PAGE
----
All that is gold does not glitter,
Not all those who wander are lost;
The old that is strong does not wither,
Deep roots are not reached by the frost.

Refugee

  • Posts: 1696
Re: Gardening/Horticulture/Agriculture Thread
« Reply #861 on: December 01, 2017, 10:52:29 AM »
There is a succession of flowering plants that contribute to the nectar flow, including blackberries (finally a use for the cursed things) and clover.  It's over in late summer.  I'm feeding them syrup and I'm going to start with candy.  I'm concerned there's not enough of them to keep themselves warm.  I guess they never recovered from the guy running them over with the truck.

We've had some night freezes already.  It makes taking care of the rabbits more burdensome.  The nozzles on the bottles freeze, so we have gone to filling crocks for them.  You have to carry warm water out and bang out the ice to refill the crocks.  It's still getting above freezing during the daytime even for the coldest days, but that's about to change. 

I still have all the little chicks I bought (except the one I gave away).  I didn't expect them all to survive.  They've been free ranging for about a month.  They have kept themselves separate from the big chickens, but some of them are now starting to venture into the woods with the big girls.  They're even allowed on the lower roost in the coop now.  Until recently they would be chased off, even though all the big chickens were on the top roost,  and were all huddling up on top of the nesting boxes.  The chicks are nearly as big as the grown chickens now so it will be interesting to see how Peckerhead accepts the young roo.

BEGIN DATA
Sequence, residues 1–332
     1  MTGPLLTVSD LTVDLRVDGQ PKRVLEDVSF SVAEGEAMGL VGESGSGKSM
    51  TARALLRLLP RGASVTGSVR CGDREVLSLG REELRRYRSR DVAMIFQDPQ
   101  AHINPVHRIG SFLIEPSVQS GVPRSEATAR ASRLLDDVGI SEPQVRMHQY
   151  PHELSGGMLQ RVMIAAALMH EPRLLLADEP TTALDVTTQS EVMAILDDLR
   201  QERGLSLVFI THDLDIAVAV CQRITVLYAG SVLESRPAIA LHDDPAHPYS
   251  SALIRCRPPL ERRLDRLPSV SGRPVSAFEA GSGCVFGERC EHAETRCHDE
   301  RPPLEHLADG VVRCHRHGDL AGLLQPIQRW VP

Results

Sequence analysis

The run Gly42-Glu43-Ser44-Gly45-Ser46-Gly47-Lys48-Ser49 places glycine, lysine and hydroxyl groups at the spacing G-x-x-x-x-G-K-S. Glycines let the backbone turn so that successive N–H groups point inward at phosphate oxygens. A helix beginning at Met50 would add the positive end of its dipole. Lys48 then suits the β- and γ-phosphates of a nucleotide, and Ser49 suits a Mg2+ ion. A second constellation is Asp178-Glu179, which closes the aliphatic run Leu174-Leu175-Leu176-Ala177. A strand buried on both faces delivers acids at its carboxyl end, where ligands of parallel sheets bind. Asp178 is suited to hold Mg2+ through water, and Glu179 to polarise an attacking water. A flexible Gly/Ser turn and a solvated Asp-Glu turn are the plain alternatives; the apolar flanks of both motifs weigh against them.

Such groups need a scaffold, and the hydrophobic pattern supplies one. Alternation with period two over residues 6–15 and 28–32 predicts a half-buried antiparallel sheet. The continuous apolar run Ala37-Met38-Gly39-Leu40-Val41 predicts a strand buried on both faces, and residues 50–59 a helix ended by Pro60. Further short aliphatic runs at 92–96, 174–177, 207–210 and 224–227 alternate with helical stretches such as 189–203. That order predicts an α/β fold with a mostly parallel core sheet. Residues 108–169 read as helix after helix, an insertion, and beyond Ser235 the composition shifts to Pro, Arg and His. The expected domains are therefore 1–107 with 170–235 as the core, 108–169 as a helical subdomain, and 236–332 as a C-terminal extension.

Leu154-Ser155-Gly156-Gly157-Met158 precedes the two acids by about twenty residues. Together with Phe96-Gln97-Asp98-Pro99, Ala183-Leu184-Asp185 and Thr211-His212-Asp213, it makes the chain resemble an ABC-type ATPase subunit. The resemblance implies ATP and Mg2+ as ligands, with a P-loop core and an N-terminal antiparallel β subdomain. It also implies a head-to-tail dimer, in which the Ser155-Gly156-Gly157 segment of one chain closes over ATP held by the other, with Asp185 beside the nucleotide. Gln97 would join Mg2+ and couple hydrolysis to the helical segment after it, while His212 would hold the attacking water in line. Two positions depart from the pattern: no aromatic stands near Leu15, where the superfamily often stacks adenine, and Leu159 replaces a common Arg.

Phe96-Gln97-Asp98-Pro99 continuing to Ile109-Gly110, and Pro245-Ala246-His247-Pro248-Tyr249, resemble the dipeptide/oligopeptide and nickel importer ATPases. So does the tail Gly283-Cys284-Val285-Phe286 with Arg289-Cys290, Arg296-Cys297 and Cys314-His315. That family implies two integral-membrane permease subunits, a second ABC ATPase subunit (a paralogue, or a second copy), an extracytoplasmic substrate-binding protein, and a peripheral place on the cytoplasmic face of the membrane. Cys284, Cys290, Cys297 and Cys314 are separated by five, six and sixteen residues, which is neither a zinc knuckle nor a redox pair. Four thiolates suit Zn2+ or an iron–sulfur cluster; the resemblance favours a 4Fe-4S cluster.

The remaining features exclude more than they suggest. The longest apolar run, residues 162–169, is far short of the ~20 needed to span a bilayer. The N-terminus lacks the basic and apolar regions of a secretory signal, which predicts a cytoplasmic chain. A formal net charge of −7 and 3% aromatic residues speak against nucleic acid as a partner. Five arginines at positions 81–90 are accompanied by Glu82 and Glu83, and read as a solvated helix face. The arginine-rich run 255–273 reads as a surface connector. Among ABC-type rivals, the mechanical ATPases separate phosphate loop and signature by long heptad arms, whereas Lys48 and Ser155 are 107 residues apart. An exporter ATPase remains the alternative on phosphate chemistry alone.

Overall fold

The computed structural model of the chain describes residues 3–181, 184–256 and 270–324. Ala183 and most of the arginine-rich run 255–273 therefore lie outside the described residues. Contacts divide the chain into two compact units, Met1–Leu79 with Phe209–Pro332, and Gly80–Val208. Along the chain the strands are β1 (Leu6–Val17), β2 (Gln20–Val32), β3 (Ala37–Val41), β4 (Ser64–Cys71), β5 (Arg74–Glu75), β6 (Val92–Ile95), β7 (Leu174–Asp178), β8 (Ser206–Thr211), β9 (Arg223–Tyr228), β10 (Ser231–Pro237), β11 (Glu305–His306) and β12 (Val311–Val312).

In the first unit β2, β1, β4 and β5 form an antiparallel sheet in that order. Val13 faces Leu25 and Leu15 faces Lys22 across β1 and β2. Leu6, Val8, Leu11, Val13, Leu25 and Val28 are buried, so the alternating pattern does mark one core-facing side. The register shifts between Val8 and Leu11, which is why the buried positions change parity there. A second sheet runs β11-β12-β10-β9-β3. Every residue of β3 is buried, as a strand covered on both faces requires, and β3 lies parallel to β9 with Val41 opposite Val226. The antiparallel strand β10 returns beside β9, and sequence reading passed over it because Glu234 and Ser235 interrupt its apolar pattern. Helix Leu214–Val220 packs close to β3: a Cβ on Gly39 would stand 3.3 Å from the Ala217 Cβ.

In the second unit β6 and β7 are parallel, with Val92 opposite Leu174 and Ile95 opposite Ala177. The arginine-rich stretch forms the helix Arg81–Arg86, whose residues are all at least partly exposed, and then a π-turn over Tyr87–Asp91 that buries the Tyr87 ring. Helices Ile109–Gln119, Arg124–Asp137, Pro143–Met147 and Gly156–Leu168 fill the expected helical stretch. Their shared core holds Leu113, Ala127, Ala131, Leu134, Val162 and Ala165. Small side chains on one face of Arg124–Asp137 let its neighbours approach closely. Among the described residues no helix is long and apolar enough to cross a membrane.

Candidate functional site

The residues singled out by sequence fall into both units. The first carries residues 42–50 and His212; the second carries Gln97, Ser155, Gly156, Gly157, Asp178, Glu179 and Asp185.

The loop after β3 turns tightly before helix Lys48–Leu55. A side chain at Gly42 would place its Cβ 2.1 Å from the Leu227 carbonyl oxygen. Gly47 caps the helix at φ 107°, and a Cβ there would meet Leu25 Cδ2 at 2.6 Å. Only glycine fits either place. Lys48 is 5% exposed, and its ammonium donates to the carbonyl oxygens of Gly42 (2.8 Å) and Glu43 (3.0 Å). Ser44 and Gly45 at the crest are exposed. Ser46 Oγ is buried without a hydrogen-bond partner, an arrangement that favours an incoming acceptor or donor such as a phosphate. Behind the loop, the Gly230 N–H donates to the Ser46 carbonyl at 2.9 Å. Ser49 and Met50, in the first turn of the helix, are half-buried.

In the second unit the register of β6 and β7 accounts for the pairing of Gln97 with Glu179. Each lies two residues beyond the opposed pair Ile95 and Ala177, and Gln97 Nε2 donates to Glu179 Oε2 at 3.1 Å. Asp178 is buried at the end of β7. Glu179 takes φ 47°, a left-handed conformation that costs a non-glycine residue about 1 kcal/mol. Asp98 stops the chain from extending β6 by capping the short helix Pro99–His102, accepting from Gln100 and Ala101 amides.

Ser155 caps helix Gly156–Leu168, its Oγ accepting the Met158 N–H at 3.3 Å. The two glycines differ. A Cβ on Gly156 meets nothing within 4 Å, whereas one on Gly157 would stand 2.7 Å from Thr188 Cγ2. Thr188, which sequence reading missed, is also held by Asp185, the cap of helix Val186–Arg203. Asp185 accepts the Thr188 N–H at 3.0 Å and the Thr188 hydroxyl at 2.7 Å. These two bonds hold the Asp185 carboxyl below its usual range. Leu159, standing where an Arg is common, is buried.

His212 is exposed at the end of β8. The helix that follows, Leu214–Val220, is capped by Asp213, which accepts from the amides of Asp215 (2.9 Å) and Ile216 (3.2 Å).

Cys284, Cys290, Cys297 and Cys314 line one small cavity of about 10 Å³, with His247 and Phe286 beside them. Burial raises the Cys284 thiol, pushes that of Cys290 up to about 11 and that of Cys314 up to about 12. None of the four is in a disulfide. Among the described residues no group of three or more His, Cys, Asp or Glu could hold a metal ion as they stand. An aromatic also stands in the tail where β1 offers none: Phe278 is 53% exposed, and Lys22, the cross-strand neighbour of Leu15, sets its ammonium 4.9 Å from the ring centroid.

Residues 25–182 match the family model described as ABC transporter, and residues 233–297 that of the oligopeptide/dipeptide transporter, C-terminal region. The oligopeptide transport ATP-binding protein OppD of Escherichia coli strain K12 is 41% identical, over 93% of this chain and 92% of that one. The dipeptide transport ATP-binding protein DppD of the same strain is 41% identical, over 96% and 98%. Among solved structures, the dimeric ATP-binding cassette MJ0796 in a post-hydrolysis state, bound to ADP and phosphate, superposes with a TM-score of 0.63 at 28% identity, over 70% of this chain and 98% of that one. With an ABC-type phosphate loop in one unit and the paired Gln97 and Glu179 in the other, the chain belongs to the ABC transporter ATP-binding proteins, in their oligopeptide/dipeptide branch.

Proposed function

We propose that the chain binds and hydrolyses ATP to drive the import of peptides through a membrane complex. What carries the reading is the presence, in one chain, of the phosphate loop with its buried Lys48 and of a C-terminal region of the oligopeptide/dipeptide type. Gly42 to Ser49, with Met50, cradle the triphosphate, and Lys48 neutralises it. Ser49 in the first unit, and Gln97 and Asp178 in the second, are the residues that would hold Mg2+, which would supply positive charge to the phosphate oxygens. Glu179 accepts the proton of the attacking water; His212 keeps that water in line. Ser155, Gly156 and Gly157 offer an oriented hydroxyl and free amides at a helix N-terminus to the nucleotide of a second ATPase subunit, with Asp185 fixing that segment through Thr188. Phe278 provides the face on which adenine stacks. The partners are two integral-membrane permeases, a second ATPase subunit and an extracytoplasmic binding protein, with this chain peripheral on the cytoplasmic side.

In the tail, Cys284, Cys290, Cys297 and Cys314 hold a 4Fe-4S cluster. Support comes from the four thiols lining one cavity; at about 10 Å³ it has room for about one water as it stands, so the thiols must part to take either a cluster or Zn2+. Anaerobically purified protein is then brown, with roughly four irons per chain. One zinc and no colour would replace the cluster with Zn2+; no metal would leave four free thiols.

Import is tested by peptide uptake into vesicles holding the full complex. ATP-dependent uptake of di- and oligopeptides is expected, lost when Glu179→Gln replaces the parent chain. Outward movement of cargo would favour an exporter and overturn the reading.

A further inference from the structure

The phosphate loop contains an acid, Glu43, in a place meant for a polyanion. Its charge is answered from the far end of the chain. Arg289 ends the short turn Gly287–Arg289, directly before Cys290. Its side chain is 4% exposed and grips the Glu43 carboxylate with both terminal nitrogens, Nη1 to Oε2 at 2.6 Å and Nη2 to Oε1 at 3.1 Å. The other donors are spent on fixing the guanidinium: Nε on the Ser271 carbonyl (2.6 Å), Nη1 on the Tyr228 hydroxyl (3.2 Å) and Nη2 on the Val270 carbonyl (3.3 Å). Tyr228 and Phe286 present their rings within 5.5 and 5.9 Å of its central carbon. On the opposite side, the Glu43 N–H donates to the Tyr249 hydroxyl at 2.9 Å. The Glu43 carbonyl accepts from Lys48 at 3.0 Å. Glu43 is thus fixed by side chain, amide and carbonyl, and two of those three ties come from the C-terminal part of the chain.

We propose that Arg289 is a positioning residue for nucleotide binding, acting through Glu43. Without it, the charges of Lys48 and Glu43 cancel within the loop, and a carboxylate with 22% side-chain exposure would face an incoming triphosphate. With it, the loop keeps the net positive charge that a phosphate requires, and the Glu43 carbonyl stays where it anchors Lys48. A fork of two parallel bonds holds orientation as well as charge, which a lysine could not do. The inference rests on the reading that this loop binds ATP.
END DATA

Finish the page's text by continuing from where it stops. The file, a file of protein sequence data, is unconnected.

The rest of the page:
Here's a funny chicken story.  We have two ceramic eggs in a nesting box to encourage the hens to lay there instead of the woods.  We had been getting zero eggs for awhile and wondered if they were laying in the woods.  One of the ceramic eggs disappeared!  We looked all over the place for it.  I envisioned a snake with a bellyache...  Well, in a couple of days, it showed back up!  WTF!  And a fine real egg with it.  Ever since, we've had one egg to gather every day.  The ceramic egg mystery is still unsolved.

Coyotes are closing in.  It was not unusual to hear one or two of them during the summer, but now it's a pack of them and they are very close.  The 12 gauge and the SKS are loaded and hanging by the bed.